Yesterday a post came across my Facebook wall and Twitter feed that filled me with hope. It reinforced for me the power of the pen- (or the crayon!) It inspired me to work even harder to help our youngest writers find their voice.
It was a piece of writing from a third grader in North Carolina. As part of a class project he penned a letter to Donald Trump saying quite eloquently what so many of us would like to. He laid out his position with regards to the behavior he finds offensive and frightening. He argued for an implementation of the Golden Rule. He appealed to Mr. Trump to “start thinking about the children in this country” and he shared the thoughts, hopes, and fears of many children. He has a voice and found a way for it to be heard. He is a writer!
(And I noticed the tone of last night’s debate considerable more civil…coincidence?)
This reminds me of another famous young writer who’s words had an impact in the world. In 1982 Samantha Smith, a 10 year old girl from my state of Maine, wrote a letter to Yuri Andropov, a newly elected leader in the Soviet Union. In it she said:
Dear Mr. Andropov,
My name is Samantha Smith. I am ten years old. Congratulations on your new job. I have been worrying about Russia and the United States getting into a nuclear war. Are you going to vote to have a war or not? If you aren’t please tell me how you are going to help to not have a war. This question you do not have to answer, but I would like to know why you want to conquer the world or at least our country. God made the world for us to live together in peace and not to fight.
Sincerely, Samantha Smith
Andropov not only responded to her letter, but invited her to Russia. She became one of America’s youngest goodwill ambassadors and influenced the conversation moving forward in Russian relations.
Sure these letters have garnered national attention, but we cannot underestimate the capacity for our students’ writing to influence others. When we help them find their voice and share their ideas through their writing we are empowering them in ways we may not yet fathom or ever know.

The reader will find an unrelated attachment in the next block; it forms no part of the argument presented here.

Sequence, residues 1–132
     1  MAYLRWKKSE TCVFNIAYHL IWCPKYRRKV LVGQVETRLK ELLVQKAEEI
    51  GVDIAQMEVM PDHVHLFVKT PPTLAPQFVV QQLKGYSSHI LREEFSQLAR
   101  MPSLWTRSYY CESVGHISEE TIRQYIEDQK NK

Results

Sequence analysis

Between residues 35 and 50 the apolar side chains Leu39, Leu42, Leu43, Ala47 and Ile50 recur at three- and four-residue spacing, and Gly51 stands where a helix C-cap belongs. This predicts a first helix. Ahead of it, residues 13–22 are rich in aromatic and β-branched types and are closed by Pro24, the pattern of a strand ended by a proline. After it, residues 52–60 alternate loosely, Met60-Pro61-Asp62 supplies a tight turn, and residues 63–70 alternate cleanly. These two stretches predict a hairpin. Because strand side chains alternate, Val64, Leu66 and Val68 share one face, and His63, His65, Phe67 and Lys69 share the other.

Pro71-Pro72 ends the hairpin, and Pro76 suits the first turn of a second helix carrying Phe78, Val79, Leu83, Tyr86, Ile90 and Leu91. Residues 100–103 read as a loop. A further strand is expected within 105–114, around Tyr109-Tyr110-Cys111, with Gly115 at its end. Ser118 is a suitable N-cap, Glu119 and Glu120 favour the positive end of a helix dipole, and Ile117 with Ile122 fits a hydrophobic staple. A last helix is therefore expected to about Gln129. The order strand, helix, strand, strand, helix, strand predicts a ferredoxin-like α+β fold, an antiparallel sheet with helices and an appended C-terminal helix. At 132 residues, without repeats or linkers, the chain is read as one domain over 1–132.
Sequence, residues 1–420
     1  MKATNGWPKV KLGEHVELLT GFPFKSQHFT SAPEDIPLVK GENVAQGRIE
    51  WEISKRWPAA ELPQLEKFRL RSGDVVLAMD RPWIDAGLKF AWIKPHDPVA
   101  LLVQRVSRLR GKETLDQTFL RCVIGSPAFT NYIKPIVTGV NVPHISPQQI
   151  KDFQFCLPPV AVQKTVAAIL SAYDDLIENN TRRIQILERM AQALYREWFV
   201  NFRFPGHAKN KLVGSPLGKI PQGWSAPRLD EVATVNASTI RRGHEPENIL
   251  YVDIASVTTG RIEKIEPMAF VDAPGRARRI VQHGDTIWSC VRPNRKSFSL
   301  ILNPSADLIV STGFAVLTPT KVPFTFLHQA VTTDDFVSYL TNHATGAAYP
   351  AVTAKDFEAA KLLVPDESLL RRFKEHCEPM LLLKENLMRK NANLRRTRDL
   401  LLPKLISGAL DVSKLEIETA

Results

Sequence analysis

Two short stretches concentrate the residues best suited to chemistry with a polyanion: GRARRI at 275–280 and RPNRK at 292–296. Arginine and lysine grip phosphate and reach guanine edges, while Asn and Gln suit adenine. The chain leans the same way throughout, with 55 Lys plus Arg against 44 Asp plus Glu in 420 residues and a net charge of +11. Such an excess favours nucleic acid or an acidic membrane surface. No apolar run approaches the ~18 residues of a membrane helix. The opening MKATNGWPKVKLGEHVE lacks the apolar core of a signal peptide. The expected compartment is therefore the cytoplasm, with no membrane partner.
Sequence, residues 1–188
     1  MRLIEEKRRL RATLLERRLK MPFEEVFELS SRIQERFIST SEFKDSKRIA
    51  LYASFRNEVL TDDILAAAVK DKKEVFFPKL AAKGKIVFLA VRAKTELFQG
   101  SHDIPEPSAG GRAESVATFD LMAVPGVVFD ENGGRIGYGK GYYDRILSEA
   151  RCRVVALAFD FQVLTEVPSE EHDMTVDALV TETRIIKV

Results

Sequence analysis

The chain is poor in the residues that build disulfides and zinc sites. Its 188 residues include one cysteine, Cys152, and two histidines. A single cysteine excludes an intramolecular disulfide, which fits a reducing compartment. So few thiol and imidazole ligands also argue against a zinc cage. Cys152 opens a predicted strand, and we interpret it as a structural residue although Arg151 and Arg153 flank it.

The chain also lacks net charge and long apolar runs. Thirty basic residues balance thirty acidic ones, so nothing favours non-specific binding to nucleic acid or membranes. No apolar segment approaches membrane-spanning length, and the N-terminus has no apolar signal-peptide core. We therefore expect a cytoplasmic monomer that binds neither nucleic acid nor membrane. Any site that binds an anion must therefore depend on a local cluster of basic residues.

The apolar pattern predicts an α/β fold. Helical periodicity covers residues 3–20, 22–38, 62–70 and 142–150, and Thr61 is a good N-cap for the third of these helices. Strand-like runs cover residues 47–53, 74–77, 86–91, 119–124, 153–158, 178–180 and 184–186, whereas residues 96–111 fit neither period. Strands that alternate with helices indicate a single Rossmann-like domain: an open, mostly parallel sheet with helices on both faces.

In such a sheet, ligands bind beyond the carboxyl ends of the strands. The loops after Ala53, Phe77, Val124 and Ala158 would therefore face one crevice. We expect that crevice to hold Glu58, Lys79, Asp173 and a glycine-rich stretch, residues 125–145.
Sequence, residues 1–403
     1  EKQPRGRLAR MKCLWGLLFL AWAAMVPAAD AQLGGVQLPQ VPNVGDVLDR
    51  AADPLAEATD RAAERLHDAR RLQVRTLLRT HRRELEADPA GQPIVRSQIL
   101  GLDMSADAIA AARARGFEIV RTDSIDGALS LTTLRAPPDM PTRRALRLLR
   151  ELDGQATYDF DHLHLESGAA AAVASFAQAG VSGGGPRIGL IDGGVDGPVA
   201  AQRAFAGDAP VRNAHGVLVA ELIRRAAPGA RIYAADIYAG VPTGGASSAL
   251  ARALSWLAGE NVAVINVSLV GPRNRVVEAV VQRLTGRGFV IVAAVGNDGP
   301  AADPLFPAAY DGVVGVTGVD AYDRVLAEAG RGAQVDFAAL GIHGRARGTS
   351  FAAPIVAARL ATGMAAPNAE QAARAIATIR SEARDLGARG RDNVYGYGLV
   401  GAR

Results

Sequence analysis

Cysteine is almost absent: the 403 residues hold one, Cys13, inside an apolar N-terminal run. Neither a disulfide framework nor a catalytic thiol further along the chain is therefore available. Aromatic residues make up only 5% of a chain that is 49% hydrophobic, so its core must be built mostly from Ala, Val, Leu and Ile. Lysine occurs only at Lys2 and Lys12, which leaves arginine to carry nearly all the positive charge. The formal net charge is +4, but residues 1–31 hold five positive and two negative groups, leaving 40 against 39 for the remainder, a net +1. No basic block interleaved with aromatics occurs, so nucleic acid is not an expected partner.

Out of the mouths of babes (…and onto the paper)!
5 thoughts on “From the Pens of Babes”
We once had a teen-age foster daughter who came to us not knowing that she had a voice and that she could use it. She had spent all of those years in the inner city being beaten down by the adults in her life; school being just as bad as home. We spent a lot of time trying to teach her that she had a voice and how to effectively and respectfully use it. We were thrilled the first time she used her voice appropriately and she even ended by saying, “I have a voice and I’m going to use it!” When our children lose (or don’t know they have) their voice, we all suffer.
We once had a teen-age foster daughter who had no idea that she had a voice or that she could use it. She had grown up in the inner city and had been beaten down by every adult with whom she had interacted; family, educators, police, etc. We worked very hard to teach her that she had a voice and how to use it effectively and respectfully so she could be heard. We were thrilled the first time she was able to do so and she even ended by yelling, “I have a voice and I’m going to use it!” When our children lose (or don’t know they have) their voice, we all suffer.
Wow, that is a powerful testament to the importance of individuals finding their voice. Thank you for sharing this!
Such an interesting and important post. I always tell my students that reading and writing well will empower them. This proves it!
Interestingly enough, I have been reading Assessing Writers, by Carl Anderson. He, too, talks about the power of writing and of teaching children that writing can be a means to share that voice and to affect change. Thanks for this thoughtful slice.